14 States Hope Administration Will Cancel Title I Debts
Washington--Fourteen states that the U.S. Education Department (ED) says owe the government millions of dollars in Title I funds are counting on the Reagan Administration to relieve them of the obligation to pay the money back.
Representatives from the states--which the department's auditors say have not complied with Title I spending regulations--met last month in Burlingame, Calif., to develop a strategy that would convince the Administration that they cannot afford to return the federal money.
State officials who attended the Burlingame meeting would not comment last week on the substance of their discussion.
Audit Results Fought
Some of the payments their states owe have been due since 1976, and several of the states have been been fighting the audits since then through a lengthy process of administrative appeal and litigation.
Title I, the landmark federal initiative to aid disadvantaged students, is the largest of the Education Department's programs. Amendments to tighten regulations governing the program have been added several times since its establishment in 1965, increasing the number of pages of governing legislation to 54 this year--and, state and local officials have often complained--making compliance difficult and expensive.
The program is audited by ed's Office of the Inspector General, and audits are concentrated on states with the highest concentrations of children who meet Title I criteria for eligibility.
The Burlingame meeting was organized by Title I officials from Pennsylvania, which has brought two federal-court challenges to an ed ruling requiring the state to repay $5 million that the department charges was spent inappropriately between 1970 and 1974.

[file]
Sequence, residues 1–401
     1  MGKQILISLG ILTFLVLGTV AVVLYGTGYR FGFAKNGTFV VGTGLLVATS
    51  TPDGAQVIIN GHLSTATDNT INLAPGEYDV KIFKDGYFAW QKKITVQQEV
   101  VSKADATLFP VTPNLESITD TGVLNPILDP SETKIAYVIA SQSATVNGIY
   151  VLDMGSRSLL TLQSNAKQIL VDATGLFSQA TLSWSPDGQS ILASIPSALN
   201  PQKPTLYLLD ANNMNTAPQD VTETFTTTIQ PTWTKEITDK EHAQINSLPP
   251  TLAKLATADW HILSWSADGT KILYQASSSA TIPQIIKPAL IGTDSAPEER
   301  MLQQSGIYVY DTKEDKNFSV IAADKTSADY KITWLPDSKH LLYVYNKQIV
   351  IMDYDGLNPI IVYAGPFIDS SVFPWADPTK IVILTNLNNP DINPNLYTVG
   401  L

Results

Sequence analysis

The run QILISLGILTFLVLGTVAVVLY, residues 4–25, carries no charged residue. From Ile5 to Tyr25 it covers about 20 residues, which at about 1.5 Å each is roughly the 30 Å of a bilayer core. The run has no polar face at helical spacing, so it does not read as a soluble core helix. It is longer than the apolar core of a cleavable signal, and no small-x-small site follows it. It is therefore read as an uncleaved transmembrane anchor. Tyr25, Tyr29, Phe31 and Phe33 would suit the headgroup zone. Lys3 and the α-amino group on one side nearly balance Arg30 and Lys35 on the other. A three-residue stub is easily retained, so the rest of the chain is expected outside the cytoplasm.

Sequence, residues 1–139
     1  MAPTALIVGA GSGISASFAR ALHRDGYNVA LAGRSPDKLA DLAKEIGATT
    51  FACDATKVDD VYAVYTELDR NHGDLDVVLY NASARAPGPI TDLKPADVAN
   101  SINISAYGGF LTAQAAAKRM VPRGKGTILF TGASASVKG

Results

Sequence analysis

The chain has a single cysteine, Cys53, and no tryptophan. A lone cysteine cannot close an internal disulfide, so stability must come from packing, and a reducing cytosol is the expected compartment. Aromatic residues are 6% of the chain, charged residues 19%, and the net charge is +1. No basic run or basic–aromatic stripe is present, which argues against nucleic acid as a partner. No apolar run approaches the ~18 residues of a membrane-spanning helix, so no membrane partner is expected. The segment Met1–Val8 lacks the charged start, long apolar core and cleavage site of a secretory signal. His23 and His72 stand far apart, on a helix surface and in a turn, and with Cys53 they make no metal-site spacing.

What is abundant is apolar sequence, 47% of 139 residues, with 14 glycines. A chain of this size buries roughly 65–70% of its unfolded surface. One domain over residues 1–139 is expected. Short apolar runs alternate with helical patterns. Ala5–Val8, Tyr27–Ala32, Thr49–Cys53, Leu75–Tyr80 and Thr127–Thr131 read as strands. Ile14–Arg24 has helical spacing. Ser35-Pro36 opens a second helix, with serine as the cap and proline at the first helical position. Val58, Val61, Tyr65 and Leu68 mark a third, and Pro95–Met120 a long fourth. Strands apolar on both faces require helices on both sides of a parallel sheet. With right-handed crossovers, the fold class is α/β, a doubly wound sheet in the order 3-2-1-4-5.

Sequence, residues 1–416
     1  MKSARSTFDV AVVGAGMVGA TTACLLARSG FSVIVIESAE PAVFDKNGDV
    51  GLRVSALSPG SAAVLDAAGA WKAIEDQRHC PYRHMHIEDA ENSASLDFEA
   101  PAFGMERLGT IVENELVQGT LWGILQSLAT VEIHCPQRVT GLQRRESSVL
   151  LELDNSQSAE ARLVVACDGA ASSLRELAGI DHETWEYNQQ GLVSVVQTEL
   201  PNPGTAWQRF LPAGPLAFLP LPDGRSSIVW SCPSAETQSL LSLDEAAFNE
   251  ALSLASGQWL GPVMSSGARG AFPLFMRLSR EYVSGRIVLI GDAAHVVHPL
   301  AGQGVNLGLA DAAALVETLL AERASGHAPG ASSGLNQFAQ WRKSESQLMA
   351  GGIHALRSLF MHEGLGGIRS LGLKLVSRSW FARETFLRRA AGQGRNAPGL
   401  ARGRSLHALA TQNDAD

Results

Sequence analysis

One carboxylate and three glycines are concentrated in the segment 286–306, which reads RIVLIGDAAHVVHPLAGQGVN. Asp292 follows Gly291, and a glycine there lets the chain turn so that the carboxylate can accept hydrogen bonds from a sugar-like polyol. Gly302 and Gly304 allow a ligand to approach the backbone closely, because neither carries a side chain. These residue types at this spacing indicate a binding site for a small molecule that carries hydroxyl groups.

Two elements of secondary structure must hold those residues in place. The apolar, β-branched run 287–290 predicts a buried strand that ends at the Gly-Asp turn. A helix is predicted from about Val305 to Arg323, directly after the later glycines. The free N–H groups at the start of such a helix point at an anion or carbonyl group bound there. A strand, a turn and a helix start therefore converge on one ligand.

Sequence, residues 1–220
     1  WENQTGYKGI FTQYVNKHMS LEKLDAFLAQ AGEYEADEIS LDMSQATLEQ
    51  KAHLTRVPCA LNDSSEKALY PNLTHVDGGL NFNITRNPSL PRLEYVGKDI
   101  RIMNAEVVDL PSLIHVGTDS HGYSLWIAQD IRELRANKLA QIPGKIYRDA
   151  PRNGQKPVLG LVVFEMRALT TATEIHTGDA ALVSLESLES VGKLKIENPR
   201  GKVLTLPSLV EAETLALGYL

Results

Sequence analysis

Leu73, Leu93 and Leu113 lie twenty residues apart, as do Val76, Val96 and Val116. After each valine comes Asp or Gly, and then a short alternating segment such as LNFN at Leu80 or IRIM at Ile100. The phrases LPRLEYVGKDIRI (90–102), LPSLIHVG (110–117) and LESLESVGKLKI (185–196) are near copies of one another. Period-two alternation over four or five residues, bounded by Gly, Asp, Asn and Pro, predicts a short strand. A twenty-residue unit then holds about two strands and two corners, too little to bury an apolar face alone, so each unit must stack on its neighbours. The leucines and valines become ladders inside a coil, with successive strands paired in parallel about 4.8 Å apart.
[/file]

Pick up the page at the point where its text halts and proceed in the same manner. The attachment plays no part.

"We're desperate now," said William Dallam, Pennsylvania's Title Idinator. "We're hoping for a settlement to these cases. Anything that would be to our benefit to help bring about the resolution, we want to share [with other states]."
He said he thought federal officials would be willing to reduce or eliminate the contested payment because adjusting to the new Title I procedures mandated by the 1981 Education Consolidation and Improvement Act (ECIA) placed new burdens on state officials.
"Now we're being asked to make the transition from a very prescriptive program to a looser program," he said. "We're being hit with a new bill while we're spending time trying to fight the old bill."
The Education Department has not calculated the total amount it is trying to collect from all of the states because the amounts due, known as "audit exceptions," often are reduced through appeal.
The audit exceptions range from $10,000 to $28 million, according to David Pollen, chairman of the federal agency's Education Appeal Board (EAB). He said the board's decisions, which represent the department's final administrative ruling, can be appealed only in federal court.
The 18-member board sits in three-member panels to rule on appeals to department audit exceptions. The board is authorized to hear disputes within all federal education programs, but because Title I is the largest, it generates the most appeals, Mr. Pollen said. A total of 26 state appeals of Title I audit findings are now pending before the EAB, he said.
Vincent E. Reed, assistant secretary for elementary and secondary education, whose office issues the audit findings, said he was aware that state representatives had met in California.
Mr. Reed said the department was not willing to cancel the states' "debts" outright, but he said that officials were "willing to sit down and talk with any of that group [of state representatives] about how we can settle this. We want to see if there's any information they have about any unique problems in their school systems. Secretary [of Education Terrel H.] Bell is interested in looking at the peculiarities in each case."